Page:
Enterprise relationship management (ERM), customer relationship management (CRM), system infrastructure and collaborative technologies have the highest priority on enterprises' investment agenda, according to a recent survey by International Data Corp. (IDC).
In the study covering over 900 IT professionals in major geographies across the Asia-Pacific region, IDC found that 35.3 percent of respondents put top priority on ERM investments in 2001, up from 33.4 percent in 2000.
Looking at another angle, the percentage of enterprises with no external budget for ERM solutions dropped from 17 percent to 8 percent.
According to IDC, a number of enterprises are turning to strategic solutions such as enterprise resource planning (ERP), CRM and supply chain management (SCM) to help them streamline business processes so they are able to better manage inventory, fulfillment, distribution and customer service in order to stay competitive.
One company that believes in the strategic importance of ERM and CRM is logistics operator Danzas Group.
"Our ERM and CRM solutions are our value-added services to customers and these have greatly enhanced our logistics solutions. These advanced IT solutions have won us many projects," said its head of IT Ko Guan Seng. "Our customers optimize the efficiencies of these IT infrastructures in that they gain better control of their operations, operate on a greater level of transparency and can therefore make informed decisions."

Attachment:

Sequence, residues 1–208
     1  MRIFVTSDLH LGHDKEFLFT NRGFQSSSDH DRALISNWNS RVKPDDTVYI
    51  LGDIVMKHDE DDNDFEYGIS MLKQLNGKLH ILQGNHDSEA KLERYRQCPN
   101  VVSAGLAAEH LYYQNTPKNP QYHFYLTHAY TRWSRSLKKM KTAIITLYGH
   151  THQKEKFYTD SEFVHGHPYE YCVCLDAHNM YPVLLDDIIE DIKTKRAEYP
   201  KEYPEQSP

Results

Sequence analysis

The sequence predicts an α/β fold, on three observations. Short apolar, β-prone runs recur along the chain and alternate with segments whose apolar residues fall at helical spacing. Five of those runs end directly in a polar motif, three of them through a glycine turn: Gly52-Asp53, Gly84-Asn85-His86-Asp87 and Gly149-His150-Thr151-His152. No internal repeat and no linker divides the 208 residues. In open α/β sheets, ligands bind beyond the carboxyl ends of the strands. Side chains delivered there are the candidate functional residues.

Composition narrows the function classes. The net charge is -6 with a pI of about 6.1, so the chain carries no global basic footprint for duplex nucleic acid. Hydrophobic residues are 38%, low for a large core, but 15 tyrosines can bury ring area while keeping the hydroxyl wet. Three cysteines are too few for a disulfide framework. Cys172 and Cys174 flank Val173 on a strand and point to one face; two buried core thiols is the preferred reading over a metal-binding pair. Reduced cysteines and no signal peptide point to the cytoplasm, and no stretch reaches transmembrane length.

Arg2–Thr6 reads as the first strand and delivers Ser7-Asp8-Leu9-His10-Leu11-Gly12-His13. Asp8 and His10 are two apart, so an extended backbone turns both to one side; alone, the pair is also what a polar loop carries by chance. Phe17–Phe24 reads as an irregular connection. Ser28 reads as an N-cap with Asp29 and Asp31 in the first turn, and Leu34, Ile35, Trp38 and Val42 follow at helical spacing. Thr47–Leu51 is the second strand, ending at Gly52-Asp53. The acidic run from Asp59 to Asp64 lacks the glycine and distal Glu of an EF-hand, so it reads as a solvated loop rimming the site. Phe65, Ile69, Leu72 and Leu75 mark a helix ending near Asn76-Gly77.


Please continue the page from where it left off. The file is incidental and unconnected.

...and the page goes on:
Last year, Danzas' IT spending for Asia-Pacific was 16 million euros (US$14.2 million), and the amount is estimated to increase by 37.5 percent to about 22 million euros in year 2002.
"The attractiveness of ERM solutions lies in their ability to automate and optimize the management of corporate resources, such as people, finances, materials, facilities and intellectual capital required to meet business objectives by tracking, routing and analyzing information concerning these assets," said Robin Giang, IDC's senior analyst, Investment and Strategy Research.
As with ERM solutions, businesses view CRM solutions not only a technology but also as a business strategy.
The ability of CRM solutions to facilitate enterprises in providing their customers with consistent customer information across sales, marketing and service touch points, regardless of whether that transaction is via voice, e-mail, the Web or wireless devices, is the main appeal behind CRM investments today. "In Asia-Pacific, CRM has been on the radar screen of many enterprises the past couple of years," Giang said.
"Even Asian businesses are coming to terms with the fact that the customer is now king and they had better revolutionize the way they have traditionally focused on their customers, including how to create and manage customer relationships as well as how to assess the effectiveness of such relationships," said Giang.
However, while the rewards of a CRM rollout could be enormous, enterprises in Asia-Pacific are still holding back on CRM investments.
"Many enterprises still need to be convinced of the value-add and rapid return on investment of a CRM deployment before actual dollars will be spent," said Giang.